Options are underwater if the strike price is less than the current market price; shares in private companies might not have an actual market price but you can estimate them. Underwater options still have >0 value since there's a non-zero chance the stock price will decrease before the expiration date -- of course, if the expiration date is close by and the strike price is much higher than the current price, the option value might be very close to 0. Still, you practically never exercise underwater options (there are some rare exceptions not very relevant here).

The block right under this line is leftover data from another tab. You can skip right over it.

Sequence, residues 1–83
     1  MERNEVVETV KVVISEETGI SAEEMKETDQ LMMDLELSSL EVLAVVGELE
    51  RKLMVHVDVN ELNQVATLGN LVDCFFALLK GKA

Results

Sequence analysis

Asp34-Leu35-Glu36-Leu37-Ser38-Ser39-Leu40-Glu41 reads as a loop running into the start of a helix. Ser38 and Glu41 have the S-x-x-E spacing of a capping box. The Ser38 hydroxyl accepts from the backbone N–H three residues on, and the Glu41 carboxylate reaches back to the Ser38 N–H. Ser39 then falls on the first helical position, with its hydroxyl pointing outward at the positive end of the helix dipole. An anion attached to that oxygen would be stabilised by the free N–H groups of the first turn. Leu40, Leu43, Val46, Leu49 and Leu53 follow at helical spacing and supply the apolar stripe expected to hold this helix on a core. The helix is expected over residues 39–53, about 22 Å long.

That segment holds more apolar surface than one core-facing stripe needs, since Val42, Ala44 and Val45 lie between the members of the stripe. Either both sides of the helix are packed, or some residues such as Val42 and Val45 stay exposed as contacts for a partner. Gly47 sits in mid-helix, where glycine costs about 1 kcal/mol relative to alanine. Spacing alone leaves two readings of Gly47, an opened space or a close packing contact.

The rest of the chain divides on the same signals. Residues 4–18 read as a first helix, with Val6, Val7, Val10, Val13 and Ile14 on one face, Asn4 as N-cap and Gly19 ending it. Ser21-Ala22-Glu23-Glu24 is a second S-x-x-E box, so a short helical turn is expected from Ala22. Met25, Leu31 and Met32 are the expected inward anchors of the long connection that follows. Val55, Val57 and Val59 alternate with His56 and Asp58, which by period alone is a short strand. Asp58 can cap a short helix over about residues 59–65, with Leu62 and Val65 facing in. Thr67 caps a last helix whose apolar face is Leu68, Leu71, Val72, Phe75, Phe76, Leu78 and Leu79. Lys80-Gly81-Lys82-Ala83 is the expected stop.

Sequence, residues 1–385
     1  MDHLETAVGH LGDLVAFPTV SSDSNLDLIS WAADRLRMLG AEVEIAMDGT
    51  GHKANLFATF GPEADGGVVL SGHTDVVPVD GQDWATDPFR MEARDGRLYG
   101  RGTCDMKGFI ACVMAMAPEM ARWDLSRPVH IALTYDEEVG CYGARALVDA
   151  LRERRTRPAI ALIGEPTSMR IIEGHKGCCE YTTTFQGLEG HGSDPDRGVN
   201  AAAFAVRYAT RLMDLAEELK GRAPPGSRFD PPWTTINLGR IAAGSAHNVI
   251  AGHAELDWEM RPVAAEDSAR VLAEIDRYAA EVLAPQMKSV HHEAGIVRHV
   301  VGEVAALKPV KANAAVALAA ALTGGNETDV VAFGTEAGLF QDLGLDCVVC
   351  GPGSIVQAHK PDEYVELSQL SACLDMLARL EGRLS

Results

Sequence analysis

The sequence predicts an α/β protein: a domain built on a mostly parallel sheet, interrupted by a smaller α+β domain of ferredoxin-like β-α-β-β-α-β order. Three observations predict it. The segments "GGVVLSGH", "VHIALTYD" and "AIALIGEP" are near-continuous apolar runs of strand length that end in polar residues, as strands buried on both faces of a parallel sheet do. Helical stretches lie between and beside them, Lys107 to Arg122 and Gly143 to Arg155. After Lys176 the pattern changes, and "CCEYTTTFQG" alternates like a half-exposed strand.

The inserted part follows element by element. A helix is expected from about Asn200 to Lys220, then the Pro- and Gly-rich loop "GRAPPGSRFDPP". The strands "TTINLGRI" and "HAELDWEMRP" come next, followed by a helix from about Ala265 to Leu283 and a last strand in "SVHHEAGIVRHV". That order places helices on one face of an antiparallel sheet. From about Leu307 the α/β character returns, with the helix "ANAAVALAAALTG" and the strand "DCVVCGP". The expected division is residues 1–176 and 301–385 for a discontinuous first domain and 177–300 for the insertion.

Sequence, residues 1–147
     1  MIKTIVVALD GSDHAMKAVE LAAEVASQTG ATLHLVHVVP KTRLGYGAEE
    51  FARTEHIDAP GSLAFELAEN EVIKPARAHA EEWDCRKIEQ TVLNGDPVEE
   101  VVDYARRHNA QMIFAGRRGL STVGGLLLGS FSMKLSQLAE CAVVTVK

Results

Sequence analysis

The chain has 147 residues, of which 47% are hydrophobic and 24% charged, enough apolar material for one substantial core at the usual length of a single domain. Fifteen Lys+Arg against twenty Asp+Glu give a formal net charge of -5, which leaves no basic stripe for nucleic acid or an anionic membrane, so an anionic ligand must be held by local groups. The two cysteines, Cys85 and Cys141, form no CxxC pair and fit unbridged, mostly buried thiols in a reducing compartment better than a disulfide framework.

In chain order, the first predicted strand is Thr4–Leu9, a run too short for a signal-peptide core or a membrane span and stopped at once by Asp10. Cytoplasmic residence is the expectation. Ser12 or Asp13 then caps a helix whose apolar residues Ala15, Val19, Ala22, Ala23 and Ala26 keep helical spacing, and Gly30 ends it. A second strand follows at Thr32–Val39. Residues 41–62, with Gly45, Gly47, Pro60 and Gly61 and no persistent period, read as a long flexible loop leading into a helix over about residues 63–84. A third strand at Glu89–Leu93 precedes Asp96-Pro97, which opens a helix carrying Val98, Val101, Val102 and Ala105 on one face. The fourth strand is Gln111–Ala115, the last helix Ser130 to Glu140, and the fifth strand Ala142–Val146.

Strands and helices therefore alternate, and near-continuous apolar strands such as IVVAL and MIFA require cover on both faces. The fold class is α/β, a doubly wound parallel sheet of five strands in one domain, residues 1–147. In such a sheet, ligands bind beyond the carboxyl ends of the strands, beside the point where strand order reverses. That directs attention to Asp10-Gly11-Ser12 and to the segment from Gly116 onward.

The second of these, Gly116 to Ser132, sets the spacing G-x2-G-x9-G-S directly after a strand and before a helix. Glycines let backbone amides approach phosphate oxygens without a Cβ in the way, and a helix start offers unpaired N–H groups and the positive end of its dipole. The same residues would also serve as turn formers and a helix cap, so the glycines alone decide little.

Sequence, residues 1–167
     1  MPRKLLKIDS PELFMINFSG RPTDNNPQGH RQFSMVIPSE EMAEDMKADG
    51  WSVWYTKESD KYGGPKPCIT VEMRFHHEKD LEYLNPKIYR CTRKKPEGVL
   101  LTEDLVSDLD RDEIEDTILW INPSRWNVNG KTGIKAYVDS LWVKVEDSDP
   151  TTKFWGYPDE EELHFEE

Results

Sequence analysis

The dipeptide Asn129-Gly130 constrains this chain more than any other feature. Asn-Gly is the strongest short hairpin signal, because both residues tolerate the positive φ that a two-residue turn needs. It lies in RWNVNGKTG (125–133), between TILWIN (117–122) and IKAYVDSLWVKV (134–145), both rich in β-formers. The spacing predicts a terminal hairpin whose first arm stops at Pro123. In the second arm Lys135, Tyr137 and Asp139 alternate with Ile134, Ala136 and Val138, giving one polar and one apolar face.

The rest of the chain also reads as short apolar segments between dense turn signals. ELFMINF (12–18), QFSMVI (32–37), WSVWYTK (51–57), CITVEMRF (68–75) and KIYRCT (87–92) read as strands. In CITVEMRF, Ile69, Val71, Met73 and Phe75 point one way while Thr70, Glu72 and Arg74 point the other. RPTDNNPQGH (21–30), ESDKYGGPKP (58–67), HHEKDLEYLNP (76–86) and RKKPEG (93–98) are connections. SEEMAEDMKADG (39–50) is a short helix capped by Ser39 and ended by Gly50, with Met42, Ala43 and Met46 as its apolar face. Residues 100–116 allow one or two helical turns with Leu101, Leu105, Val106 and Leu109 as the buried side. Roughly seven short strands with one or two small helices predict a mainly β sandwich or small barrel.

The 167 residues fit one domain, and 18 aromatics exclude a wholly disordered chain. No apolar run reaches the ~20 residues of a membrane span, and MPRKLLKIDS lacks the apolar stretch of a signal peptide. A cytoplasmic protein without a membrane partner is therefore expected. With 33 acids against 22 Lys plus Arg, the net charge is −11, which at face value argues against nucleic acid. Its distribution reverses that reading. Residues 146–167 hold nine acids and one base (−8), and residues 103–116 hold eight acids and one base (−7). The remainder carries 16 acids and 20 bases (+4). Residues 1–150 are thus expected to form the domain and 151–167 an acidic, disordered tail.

In grandparent's case, the issue is not underwater options; they are about to exercise the options and get stock.
At the time they left the company, the stock price was presumably way above the ~$1 strike price. They could have bought (say) $60k worth of stock for only $30k, making a profit on paper. The problem is, as the article says, you have to pay taxes on capital gains AND that stock is illiquid (you can't easily sell it if at all).